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Archived: Lymewood Court Nursing Home Good

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Reports


Inspection carried out on 15 September 2020

During an inspection looking at part of the service

About the service

Lymewood Court Nursing Home is a care home providing personal and nursing care for up to 46 people. Accommodation is provided across two units, both of which are situated on the ground floor of the building. across three units with one unit specialising in providing care to people living with dementia and one specialising in supporting people requiring rehabilitation following discharge from hospital. There were 21 people using the service at the time of the inspection.

People’s experience of using this service and what we found

The systems for checking on the quality and safety of the service had improved. However, we identified that further improvement was needed to in relation to monitoring and review of records to ensure that they contained clear up to date information about people’s needs.

Safe systems were in place for the management of people’s medicines. This was an improvement from the previous inspection.

Information and guidance was available to protect people from abuse. Family members told us that they felt their relatives were safe living at the service.

Risks to people were considered and planned for and clear plans were in place to keep people safe in the event of any emergency. Safe recruitment processes were followed to ensure staff were suitable to work with vulnerable adults. There was enough suitably skilled and experienced staff on duty to safely meet people's needs.

Accidents and incidents were recorded and where required actions were taken to prevent further occurrence. This included making changes to procedures and further staff training to mitigate any future risks. There were clear procedures to prevent and control the spread of infection. The service had managed the impact of the COVID-19 pandemic.

The service had an on-going improvement plan to continue to improve the service that people received. These plans involved improvement initiatives from the Clinical Commissioning Group.

For more details, please see the full report which is on the CQC website at www.cqc.org.uk

Rating at last inspection and update –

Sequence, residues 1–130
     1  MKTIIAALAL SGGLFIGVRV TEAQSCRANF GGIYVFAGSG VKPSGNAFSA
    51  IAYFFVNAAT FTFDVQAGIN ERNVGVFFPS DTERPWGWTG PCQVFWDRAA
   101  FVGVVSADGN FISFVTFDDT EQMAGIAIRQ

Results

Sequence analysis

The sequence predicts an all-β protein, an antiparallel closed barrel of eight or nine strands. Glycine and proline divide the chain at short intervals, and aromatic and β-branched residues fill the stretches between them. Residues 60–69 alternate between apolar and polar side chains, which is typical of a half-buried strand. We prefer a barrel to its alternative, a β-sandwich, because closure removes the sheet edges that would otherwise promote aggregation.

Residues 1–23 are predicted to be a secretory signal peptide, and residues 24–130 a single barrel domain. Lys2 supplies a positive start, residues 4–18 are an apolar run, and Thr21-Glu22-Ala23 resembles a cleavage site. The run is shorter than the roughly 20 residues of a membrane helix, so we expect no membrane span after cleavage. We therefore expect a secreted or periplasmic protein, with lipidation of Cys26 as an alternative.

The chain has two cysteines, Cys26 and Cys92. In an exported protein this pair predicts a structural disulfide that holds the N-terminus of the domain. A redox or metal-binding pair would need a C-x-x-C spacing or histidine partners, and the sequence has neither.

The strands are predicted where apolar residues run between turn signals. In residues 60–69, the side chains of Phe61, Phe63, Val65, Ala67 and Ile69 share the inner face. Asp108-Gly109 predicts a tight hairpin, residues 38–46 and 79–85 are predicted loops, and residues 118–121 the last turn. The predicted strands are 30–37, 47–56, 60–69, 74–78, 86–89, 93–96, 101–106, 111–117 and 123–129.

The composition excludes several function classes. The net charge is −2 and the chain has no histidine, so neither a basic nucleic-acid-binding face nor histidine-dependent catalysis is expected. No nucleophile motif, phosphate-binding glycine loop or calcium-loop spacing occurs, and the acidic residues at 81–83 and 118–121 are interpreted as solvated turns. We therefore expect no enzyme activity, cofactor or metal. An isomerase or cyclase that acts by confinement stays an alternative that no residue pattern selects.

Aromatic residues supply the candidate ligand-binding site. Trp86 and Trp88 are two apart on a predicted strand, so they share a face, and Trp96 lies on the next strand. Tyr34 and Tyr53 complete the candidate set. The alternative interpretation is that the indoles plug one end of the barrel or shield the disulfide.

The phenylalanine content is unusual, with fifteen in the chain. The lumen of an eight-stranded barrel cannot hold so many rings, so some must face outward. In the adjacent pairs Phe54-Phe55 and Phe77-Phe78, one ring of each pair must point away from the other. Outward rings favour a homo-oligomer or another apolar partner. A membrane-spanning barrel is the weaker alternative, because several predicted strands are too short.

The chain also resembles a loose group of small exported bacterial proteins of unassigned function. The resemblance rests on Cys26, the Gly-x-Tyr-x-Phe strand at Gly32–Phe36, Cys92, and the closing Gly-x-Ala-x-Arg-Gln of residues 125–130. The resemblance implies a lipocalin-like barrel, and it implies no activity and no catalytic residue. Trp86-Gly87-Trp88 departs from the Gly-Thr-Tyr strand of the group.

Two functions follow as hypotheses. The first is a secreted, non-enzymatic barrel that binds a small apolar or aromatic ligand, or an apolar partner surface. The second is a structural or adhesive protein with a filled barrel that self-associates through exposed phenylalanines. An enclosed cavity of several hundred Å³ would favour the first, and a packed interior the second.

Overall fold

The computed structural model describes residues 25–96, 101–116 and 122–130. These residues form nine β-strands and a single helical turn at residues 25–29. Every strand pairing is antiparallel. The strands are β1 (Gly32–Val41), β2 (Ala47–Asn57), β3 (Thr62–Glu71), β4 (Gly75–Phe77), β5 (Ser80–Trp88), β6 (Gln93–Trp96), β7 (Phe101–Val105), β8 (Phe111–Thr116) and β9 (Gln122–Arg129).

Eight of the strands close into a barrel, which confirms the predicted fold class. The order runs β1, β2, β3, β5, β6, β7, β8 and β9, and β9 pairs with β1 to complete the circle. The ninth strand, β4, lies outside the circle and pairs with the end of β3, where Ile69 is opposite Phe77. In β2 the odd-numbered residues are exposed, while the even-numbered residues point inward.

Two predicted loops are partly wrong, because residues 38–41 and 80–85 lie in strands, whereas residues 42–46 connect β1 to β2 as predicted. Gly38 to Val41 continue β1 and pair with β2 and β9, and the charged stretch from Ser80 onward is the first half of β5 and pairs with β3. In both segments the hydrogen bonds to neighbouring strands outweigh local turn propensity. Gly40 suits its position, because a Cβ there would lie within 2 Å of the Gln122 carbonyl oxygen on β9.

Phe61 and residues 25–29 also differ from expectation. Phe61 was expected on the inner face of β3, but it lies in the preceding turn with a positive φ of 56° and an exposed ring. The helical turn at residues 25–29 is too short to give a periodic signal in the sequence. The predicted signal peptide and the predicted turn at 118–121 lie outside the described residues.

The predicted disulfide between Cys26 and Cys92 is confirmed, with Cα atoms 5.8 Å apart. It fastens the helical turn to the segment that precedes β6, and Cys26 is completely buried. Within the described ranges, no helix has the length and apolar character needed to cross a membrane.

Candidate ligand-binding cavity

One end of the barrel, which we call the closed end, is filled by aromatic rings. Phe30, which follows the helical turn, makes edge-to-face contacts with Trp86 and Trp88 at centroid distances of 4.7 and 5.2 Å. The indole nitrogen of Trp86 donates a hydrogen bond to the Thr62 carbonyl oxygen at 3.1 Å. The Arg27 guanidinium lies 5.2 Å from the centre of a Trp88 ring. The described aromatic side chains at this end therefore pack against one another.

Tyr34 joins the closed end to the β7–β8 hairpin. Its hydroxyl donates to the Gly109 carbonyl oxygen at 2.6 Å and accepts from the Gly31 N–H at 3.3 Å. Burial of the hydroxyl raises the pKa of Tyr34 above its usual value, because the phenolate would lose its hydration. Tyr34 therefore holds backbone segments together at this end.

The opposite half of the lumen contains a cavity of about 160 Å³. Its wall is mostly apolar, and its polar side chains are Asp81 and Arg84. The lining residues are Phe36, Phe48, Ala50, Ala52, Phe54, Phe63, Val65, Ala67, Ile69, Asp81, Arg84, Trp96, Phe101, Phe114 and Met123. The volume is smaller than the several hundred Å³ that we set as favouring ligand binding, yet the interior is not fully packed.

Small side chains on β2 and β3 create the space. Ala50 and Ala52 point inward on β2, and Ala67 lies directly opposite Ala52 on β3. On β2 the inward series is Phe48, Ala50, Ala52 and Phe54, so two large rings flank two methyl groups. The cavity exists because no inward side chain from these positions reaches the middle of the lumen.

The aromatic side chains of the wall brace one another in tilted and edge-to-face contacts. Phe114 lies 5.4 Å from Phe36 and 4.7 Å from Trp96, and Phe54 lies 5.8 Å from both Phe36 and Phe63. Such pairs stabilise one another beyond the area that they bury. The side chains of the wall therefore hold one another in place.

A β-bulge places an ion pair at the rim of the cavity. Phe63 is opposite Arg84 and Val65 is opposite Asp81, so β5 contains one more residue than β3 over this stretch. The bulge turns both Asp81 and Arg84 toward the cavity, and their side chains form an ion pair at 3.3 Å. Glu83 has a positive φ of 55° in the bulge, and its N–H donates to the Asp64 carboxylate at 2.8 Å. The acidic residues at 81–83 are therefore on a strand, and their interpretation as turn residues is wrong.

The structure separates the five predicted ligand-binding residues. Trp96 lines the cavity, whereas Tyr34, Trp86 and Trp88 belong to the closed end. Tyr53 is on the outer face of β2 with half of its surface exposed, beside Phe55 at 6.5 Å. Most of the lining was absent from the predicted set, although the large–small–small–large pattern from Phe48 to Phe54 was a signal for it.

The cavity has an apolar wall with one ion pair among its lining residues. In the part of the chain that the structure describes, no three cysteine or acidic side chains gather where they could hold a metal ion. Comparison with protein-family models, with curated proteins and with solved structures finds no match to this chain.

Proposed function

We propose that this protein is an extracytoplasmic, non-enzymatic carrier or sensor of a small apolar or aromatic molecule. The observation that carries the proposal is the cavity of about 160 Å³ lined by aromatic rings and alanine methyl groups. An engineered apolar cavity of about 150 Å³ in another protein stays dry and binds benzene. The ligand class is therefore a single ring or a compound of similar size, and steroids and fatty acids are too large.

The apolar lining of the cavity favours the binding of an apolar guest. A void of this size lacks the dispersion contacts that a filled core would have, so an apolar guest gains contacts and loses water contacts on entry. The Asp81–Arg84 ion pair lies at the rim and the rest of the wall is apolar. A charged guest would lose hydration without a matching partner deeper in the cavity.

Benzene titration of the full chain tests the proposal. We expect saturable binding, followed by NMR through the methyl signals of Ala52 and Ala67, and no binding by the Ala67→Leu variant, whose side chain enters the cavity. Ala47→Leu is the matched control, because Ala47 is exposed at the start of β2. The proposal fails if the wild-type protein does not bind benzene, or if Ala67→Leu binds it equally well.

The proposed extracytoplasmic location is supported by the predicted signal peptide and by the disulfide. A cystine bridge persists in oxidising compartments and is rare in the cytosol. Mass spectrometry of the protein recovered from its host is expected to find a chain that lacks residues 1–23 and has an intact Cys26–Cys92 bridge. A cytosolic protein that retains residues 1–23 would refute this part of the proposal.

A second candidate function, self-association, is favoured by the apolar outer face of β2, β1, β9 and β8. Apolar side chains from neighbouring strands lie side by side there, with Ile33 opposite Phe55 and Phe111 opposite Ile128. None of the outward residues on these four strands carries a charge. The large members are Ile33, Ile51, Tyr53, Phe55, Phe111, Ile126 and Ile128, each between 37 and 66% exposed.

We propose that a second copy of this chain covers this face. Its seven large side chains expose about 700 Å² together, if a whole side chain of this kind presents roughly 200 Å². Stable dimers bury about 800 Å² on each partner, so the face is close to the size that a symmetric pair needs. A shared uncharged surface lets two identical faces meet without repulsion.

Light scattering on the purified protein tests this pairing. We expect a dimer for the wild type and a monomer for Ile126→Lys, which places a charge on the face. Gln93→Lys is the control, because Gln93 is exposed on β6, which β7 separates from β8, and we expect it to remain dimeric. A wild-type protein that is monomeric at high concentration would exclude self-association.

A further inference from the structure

The last rating for this service was Requires Improvement (report published 24 May 2019) and there was one breach of regulation. At this inspection we found improvements had been made and the provider was no longer in breach of regulations.

Why we inspected

This was a planned inspection based on the previous rating.

We carried out unannounced focussed inspection of this service on 24 May 2019. A breach of legal requirements was found. The provider completed an action plan after the last inspection to show what they would do and by when to improve the systems to assess, monitor and improve the quality and safety of the service.

We undertook this focused inspection to check they had followed their action plan and to confirm they now met legal requirements. This report only covers our findings in relation to the Key Questions Safe and Well-led which contain those requirements.

We looked at infection prevention and control measures under the Safe key question. We look at this in all care home inspections even if no concerns or risks have been identified. This is to provide assurance that the service can respond to coronavirus and other infection outbreaks effectively.

The ratings from the previous comprehensive inspection for those key questions not looked at on this occasion were used in calculating the overall rating at this inspection. The overall rating for the service has changed from Requires Improvement to Good. This is based on the findings at this inspection.

You can read the report from our last comprehensive inspection, by selecting the ‘all reports’ link for Lymewood Court Care Home on our website at www.cqc.org.uk.

Inspection carried out on 25 March 2019

During an inspection looking at part of the service

About the service:

Lymewood Court Nursing Home provides both nursing and personal care in one building for up to 46 people, some of whom live with dementia. When we inspected 34 people lived at the service.

People’s experience of using this service:

The providers processes for checking on the quality and safety of the service were not always effective in identifying and mitigating risk to people. The provider did not have sufficient oversight of the service to ensure consistent leadership and the delivery of safe care. There was a lack of partnership working with external agencies which delayed a safeguarding investigation.

The provider reflected on the concerns raised prior to the inspection and our findings. They advised us after our inspection that they had implemented a series of changes to their systems and approach to governance to bring about the required improvements.

We have made a recommendation about infection prevention and control. People were not fully protected from the risk of the spread of infection and risks to their health and safety. Clinical waste was not safely managed, and equipment used for people was not kept clean and hygienic. Action was taken at the time of the inspection to mitigate the risk of the spread of infection.

We have made a recommendation about the safe use of medicines. The management of medicines had improved in response to concerns raised by the Clinical Commissioning Group (CCG) and following our first day of inspection, however further improvements were required. Medication administration records (MARs) lacked information about prescribed creams and how they were to be used. There also needed to be a consistent approach to ensuring the safe management of medicines.